A fraud squad investigation has revealed that 14 of 15 supposed real estate acquisitions made by Al-Watan, a company run by pro-settlement activist Ze’ev Hever and owned by the right wing Amana, were forged.
- The forgery at the heart of West Bank land transactions
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- Police discover that entire Amona outpost was built on Palestinian land
Details of the West Bank forgery industry were broadcast on Tuesday in an investigative report on the Channel 10 program HaMakor with Raviv Drucker.
In recent years, whenever the state sought to evacuate illegal outposts in the Binyamin region, Al-Watan officials would announce that they had bought the local lands from their Palestinian owners. The documents often turned out to be forged.
A police investigation that was opened in the case ended, and the case was transferred to the state prosecutor. The police did not interrogate Hever, but by questioning a chain of straw men it emerged that 14 of the 15 supposed deals were forged.
An investigative report by Raviv Drucker documents two Palestinians who acted as straw men for Al-Watan. The straw men would buy the lands from people using forged documents purpoting to be those of the real landowners (many of whom are no longer alive) and then transfer them to Amana in a fake deal.
One of them, Akram, said to the camera, “I signed on many plots and lands.” Referring to the land upon which the outpost of Amona was established he said: “I signed in Silwad," he said, referring to a West Bank Palestinian town northeast of Ramallah. "They told me there is land with such and such a number, and another plot with number sign. I signed so many times for many lands. I made five or six deals.”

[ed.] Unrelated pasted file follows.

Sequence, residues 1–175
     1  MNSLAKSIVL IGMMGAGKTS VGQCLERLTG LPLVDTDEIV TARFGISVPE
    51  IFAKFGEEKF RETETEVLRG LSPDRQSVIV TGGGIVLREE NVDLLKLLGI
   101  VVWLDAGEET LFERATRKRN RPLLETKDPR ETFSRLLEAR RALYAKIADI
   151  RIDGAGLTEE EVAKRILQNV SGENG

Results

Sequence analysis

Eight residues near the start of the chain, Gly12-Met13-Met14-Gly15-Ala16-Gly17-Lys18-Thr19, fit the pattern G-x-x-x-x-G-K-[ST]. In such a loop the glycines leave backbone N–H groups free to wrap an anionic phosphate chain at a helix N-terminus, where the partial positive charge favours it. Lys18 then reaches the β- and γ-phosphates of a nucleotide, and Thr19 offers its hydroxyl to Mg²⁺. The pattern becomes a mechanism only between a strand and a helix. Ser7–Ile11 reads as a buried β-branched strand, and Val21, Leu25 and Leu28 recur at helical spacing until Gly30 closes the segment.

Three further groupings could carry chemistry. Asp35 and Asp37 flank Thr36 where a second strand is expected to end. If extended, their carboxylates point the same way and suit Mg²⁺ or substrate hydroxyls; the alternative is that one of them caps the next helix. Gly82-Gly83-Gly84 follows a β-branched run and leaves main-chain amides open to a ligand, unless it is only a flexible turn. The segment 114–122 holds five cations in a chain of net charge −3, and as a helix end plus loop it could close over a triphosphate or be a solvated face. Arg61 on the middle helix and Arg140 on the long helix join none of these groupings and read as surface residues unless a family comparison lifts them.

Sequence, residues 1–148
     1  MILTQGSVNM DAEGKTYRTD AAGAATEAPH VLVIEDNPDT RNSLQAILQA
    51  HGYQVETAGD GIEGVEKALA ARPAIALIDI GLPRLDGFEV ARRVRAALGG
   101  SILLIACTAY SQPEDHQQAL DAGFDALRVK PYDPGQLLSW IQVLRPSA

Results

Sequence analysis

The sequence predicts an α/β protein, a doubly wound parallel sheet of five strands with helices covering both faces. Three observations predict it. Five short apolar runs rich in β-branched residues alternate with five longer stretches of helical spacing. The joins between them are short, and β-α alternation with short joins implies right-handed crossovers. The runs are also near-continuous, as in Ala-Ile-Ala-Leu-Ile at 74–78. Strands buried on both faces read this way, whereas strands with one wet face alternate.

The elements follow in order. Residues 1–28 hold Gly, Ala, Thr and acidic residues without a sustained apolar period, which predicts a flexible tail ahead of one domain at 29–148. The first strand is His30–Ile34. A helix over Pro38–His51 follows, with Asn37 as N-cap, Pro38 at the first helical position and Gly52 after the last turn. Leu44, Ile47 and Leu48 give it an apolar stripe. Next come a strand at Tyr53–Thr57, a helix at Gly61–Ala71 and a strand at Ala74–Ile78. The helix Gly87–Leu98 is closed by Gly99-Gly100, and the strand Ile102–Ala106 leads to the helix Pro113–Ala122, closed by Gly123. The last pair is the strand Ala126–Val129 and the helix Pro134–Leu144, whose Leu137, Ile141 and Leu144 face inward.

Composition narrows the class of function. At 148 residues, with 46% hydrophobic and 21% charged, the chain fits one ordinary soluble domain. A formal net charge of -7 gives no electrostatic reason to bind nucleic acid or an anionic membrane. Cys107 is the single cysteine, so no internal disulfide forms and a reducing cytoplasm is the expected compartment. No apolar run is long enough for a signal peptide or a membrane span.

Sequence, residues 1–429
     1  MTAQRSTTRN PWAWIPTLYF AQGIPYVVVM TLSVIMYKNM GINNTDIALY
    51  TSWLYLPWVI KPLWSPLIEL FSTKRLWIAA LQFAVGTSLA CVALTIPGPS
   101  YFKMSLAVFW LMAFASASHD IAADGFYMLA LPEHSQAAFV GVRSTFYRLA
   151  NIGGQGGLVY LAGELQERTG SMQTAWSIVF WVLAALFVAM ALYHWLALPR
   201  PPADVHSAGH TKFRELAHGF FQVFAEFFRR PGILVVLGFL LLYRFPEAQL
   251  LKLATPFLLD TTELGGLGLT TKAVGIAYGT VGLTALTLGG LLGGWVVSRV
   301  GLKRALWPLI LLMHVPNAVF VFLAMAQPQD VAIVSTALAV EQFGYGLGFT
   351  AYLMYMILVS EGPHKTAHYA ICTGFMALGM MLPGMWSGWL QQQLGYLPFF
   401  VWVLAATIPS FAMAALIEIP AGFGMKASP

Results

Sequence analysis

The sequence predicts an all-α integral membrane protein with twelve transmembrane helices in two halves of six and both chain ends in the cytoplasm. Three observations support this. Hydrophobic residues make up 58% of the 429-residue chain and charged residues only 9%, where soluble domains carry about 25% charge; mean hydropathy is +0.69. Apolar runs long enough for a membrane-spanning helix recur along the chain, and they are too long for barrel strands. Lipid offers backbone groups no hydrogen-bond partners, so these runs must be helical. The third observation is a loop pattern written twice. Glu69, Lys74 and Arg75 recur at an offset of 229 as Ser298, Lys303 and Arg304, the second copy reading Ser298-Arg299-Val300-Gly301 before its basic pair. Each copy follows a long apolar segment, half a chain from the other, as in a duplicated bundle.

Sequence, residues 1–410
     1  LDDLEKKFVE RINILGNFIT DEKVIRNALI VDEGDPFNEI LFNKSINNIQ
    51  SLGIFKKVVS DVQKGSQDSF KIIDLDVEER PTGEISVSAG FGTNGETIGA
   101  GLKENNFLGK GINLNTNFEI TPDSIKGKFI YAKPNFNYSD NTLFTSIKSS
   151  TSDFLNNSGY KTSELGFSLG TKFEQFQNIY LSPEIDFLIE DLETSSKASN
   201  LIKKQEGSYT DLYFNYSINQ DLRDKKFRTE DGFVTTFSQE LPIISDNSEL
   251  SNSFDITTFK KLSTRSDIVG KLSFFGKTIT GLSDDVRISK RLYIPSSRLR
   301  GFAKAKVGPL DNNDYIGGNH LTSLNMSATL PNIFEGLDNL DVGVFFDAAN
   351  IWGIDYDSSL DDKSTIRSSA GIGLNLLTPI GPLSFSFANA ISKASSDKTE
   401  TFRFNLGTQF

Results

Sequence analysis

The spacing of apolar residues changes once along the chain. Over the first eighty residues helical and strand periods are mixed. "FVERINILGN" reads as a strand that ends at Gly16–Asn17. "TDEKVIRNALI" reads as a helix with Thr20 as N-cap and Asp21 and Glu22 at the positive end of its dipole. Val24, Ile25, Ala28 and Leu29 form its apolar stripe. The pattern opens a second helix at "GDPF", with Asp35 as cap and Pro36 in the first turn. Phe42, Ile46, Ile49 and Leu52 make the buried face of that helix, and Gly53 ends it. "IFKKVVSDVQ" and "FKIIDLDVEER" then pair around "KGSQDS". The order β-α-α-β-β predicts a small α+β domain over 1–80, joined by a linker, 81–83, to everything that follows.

He added: “I told them I am signing for all the Palestinians, but let me live in Israel because of my children. My children are in Israel, and I don’t see them, and I am always entering Israel and going to jail because I have no permit, and I tell them in the investigation that I am threatened. I have a problem in the Palestinian Authority, and I am threatened unless you let me live in Israel. I sold [land] because they would help me, and no one is helping me. I am suffering from complexes now.”
Straw men, cash suitcases
The two straw men attest that at the signing, an Israeli lawyer from Jerusalem, who was investigated in the case and who name is barred from publication under a gag order, handed them a suitcase with half a million shekels ($126,400). When they go outside, the lawyer takes the suitcase back. The goal is to fake a deal. Mohammed, one of the straw men who was interviewed, said that he sat with the lawyer in a restaurant, and afterwards went up to his office.
“He told me that this man’s friend cannot put the land under his name because of the Income Tax Authority,” he explained. “I signed on the papers and afterward he gave me a suitcase full of money and told me, ‘Take this.’ When I went downstairs, he took the money back and told me, ‘Take, this is what you get.’ That’s all.”
The investigative report documents attorney Eytan Lehman meeting with Akram at a gas station after he learned that Akram was speaking with Drucker, and instructs him to call him and tell him that he does not remember anything, without realizing that he was being recorded.
“The question is if you can have the conversation with him,” he said in the recording. “Tell him [Druker] perhaps I no longer remember he story blah blah blah, and then he will tell you: 'but don’t worry, I know the whole story.' Tell him what does he mean 'know the whole story,' for you don’t remember what I said to the police or something like that Try to get it out of him without him understanding.”
Hever responded by saying he does not have knowledge of the report's content.
Al Watan responded to the report, saying all of their land deals were done legally.